Whether you're using your camera or smartphone, you don't want to have it in the frame. Instead, hold it away from you at shoulder level and twist your body toward it, pushing your opposite shoulder toward the camera. Then crop the arm that's holding the camera out of the pic.


Advice for the rest of your life


Hire a professional. Be you and let a pro concentrate on capturing your personality and how you project yourself. I consider myself a pretty good portrait photographer, yet, my favourite photos of "me" were shot by colleagues. Mine now look contrived and disappointing.

I think the advice also applies to hiring a lawyer. It's not a do-it-yourself project. As the saying goes, Whoever acts as their own lawyer, has a fool for a client.

Maintenance is fine for me; but, I still visit my dentist.

You see where I'm going with this. Treat yourself!

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    I think this self-portrait of Stan Rogers is very good. So I wanted to place a link here to contradict your statement. ;) – Esa Paulasto Sep 10 '13 at 6:53
  • @Stan while I don't quite think this deserves a vote down, it contradicts the entire idea of a self portrait. You know you better than any other photographer, pro or otherwise ever will. You know what about yourself you want to show and are in a unique position to make the artistic choices to capture yourself the way YOU want. Sure, it is technically a trickier operation, but it is totally doable to take a nice portrait of yourself. It may not be for the beginner or faint of heart (at least capturing high quality self portraits), but it is still quite easily doable with experience. – AJ Henderson Sep 10 '13 at 13:26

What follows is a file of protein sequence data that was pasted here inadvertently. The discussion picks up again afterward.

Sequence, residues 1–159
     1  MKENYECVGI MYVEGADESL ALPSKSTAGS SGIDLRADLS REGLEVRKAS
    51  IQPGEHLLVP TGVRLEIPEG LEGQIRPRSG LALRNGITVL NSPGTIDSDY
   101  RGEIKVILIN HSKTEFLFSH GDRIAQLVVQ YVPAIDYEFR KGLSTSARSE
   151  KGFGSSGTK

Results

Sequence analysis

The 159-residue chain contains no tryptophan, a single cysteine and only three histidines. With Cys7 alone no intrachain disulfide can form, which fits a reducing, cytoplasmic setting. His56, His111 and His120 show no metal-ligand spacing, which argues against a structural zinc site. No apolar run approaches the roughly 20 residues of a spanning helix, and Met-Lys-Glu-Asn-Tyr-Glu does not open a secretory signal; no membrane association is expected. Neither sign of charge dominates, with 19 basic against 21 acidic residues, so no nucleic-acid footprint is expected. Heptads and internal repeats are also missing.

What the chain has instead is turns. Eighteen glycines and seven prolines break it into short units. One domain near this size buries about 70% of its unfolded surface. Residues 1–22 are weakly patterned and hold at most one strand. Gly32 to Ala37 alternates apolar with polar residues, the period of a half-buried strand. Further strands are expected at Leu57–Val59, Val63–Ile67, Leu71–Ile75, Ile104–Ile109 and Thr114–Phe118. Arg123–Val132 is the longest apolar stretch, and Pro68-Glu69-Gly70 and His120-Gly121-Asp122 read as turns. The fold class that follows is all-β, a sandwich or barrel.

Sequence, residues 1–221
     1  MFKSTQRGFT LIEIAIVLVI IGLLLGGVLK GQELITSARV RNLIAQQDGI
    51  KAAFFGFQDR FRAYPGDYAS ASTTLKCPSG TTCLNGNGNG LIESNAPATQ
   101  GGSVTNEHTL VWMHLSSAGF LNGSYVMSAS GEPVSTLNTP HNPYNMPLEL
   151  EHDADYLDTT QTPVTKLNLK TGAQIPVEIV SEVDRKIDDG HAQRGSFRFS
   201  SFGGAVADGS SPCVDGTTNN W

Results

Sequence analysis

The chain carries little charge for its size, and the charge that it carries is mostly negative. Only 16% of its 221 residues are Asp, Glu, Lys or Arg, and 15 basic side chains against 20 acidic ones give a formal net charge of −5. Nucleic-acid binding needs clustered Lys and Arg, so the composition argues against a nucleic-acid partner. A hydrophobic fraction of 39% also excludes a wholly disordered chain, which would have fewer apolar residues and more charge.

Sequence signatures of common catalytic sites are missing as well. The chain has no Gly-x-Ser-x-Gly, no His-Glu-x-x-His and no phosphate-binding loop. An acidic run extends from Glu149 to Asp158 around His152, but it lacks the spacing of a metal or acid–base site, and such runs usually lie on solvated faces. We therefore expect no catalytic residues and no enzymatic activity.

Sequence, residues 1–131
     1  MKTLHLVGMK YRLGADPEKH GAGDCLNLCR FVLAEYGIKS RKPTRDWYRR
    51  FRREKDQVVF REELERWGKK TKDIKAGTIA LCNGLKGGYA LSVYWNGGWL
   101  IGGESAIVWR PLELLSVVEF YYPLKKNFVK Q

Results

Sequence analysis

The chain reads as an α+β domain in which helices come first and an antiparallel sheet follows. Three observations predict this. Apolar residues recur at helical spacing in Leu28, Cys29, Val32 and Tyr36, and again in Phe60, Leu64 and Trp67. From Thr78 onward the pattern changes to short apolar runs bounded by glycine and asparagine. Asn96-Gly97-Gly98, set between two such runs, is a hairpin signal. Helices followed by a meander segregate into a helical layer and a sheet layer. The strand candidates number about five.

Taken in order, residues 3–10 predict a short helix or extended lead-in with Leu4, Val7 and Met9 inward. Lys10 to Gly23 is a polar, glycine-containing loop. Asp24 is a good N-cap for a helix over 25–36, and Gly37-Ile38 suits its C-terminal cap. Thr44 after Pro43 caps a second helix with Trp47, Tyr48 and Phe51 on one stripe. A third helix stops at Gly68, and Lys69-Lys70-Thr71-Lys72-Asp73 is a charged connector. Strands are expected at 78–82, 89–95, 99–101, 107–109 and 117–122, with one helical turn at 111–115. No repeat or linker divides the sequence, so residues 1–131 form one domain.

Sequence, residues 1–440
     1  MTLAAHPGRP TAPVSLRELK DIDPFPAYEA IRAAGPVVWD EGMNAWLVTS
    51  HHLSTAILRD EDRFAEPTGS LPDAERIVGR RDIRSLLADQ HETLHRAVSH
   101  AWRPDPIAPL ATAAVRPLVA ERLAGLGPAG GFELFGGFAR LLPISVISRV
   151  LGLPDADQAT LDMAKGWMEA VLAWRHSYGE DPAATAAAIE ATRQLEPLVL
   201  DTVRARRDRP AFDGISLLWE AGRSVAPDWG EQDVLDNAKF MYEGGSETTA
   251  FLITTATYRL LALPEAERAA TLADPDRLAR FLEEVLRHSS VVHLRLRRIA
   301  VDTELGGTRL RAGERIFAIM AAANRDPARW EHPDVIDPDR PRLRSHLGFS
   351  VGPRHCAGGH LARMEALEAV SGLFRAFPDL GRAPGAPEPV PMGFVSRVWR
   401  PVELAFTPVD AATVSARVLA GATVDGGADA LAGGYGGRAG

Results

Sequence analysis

• @Stan - note, if you add to your answer that if you are a beginner, then you will get better results with a professional, ok, but you should still go on to offer advice on how to do it once someone has sufficient experience as well since that's what the question is asking. – AJ Henderson Sep 10 '13 at 13:28
  • @AJHenderson I understand your comment and from your comment, you understand mine. Thank you for the course correction. – Stan Sep 10 '13 at 19:33

Use a mirror, so you can have a self-portrait as a photographer and show your favorite camera.

Painters have used this trick for ages.